Protocol 16 to the European Convention for the Protection of Human Rights and Fundamental Freedoms (ECHR), came into force on 1 August 2018, as ten Member States signed and ratified the Protocol. The following countries have signed and ratified Protocol 16: Albania, Armenia, Estonia, Finland, France, Georgia, Lithuania, San Marino, Slovenia and Ukraine, while: Andorra, Bosnia and Herzegovina, Greece, Italy, Moldova, Netherlands, Norway, Romania, Slovakia and Turkey have only signed the Protocol, but have not yet ratified it.
The protocol consists of eleven articles, out of which, only the first five, constitute substantive and procedural provisions of the Protocol.
Novelties introduced by Protocol 16, establishing a new procedure, are as follows: the highest domestic courts or tribunals will be able to request an advisory opinion on the fundamental issues concerning the interpretation or application of the rights and freedoms set forth in the ECHR or the protocols thereto; the court or tribunal may only request this in respect of the case before them; the possibility of participation in the session of the acting Council of the High Contracting Party representative is introduced; it envisages the participation of a national judge before the European Court of Human Rights (ECHR) of a State whose court or tribunal requests the advisory opinion be given at a session of the trial chamber; non-binding legal force of advisory opinion.
The domestic court or tribunal will be able to request an advisory opinion only in the context of the case before it, with the court or tribunal having to justify its request and provide the relevant legal and factual basis for the case pending before it. Each High Contracting Party shall, at the time of signing the Protocol or when depositing its instruments of ratification, acceptance or approval, specify a list of courts or tribunals which may request an advisory opinion. This list is subject to change, which leaves the possibility of extending the number of courts or tribunals that can achieve a dialogue with the ECtHR. It should be noted that this is only about the highest courts or tribunals.
The Commissioner of the Council of Europe for Human Rights and the High Contracting Party, whose court or tribunal, has lodged a request before the ECtHR, has the right to submit written comments and take part in the session. The ECtHR may also invite any other High Contracting Party or other person to submit written comments or to participate in the session, where appropriate, and the interest of the proper administration of justice.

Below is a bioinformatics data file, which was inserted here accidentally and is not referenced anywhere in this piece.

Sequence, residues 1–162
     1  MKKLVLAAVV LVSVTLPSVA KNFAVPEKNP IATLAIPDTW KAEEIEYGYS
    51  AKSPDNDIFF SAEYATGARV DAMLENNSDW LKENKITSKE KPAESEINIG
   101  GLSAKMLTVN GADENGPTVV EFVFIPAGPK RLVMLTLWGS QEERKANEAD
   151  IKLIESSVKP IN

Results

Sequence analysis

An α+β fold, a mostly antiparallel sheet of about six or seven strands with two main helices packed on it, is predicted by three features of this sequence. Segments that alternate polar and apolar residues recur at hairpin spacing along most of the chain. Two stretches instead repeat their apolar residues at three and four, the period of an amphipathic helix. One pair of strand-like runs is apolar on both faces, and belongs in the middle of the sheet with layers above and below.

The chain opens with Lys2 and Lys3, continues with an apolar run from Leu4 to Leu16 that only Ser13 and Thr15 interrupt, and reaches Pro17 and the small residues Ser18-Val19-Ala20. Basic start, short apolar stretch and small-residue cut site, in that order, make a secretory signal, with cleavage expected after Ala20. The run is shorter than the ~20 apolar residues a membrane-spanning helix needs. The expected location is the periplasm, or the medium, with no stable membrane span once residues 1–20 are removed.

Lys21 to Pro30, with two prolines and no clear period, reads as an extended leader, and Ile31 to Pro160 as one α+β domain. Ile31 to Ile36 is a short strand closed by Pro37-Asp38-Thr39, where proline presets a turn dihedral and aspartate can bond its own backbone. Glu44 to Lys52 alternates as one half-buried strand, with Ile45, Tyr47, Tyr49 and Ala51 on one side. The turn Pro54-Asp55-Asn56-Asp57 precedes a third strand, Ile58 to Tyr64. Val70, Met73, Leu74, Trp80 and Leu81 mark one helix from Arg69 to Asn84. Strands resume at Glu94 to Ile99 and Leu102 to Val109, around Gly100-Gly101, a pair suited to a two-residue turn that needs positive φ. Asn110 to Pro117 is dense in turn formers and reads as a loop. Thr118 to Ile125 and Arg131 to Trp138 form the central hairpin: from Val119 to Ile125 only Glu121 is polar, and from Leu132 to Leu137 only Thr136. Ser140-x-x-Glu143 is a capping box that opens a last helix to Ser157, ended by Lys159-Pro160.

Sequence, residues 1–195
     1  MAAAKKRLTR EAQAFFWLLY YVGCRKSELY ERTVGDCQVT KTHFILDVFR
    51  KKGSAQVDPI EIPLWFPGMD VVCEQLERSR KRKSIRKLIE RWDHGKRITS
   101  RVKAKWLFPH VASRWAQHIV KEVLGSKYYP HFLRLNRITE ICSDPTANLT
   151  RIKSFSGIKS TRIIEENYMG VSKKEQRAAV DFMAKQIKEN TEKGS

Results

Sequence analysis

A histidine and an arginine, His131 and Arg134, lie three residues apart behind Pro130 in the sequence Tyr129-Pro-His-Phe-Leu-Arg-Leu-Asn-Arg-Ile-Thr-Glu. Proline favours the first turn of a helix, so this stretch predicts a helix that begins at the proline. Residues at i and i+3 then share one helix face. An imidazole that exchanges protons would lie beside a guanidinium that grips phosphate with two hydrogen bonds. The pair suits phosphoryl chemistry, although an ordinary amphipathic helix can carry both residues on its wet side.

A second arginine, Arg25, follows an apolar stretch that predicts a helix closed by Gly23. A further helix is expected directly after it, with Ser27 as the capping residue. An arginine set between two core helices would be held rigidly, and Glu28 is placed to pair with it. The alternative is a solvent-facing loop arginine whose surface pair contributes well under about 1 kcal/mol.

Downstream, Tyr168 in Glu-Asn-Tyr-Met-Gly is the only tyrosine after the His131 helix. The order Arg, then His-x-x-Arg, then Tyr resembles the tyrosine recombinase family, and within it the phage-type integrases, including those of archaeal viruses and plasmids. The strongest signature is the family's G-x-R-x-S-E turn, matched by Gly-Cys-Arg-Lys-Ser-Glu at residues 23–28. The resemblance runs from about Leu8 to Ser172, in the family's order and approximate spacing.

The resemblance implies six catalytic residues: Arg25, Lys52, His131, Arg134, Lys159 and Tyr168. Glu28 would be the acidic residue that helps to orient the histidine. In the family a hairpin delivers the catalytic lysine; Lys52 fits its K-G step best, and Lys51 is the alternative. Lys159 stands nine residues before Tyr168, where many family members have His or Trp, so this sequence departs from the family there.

All advisory opinions must be reasoned and published. If the advisory opinion does not represent, in whole or in part, the unanimous opinion of the judges, each judge has the right to give a separate opinion. However, advisory opinions are not binding, that is, they have no binding legal force. Advisory opinions from this Protocol will not have a direct impact on other subsequent requests, but they will be part of the jurisprudence of the ECtHR, in addition to its judgments and decisions. The interpretation of the ECHR and its protocols contained in the Advisory Opinions would be analogous in its effect to the interpretations provided by the ECtHR in its judgments and decisions.
In terms of procedure, the admissibility of the request for the advisory opinion will be decided by a five-member panel of judges of the Grand Chamber of the ECtHR. If a five-member panel of judges declares a request admissible, the decision on the application will be made by the Grand Chamber of the ECtHR, which must be reasoned. In addition, in the event that a five-member panel rejects the request for an advisory opinion, such a decision must be reasoned.
The significance of entry into force of Protocol 16 to the ECHR is high. In this way, the dialogue between the ECHR and national courts will be expanded and deepened. National courts will be given the opportunity to request „assistance“ from the ECHR in the form of an advisory opinion to resolve the current case. However, from a political point of view, national courts will in this way have the ability to „take away“ responsibility from themselves, considering the views of the ECHR given in the advisory opinion. The positive side of this „removal“ of responsibility from the national court could also be interpreted positively, for the judges of national courts would thus be given the opportunity to disperse the political influence of domestic (political) influences and pressures, which are often exposed in dealing with some more important cases, referring to the authority of the ECHR.
Until the adoption of Protocol 16, only the Committee of Ministers of the Council of Europe had the opportunity to request the advisory opinion, in accordance with Articles 47-49 of the ECHR, with the Committee of Ministers being able to seek advisory opinions only on legal issues related to the interpretation of the ECHR and protocols. Such opinions must not deal with issues relating to the content or scope of the rights and freedoms set forth in the ECHR and the protocols thereto.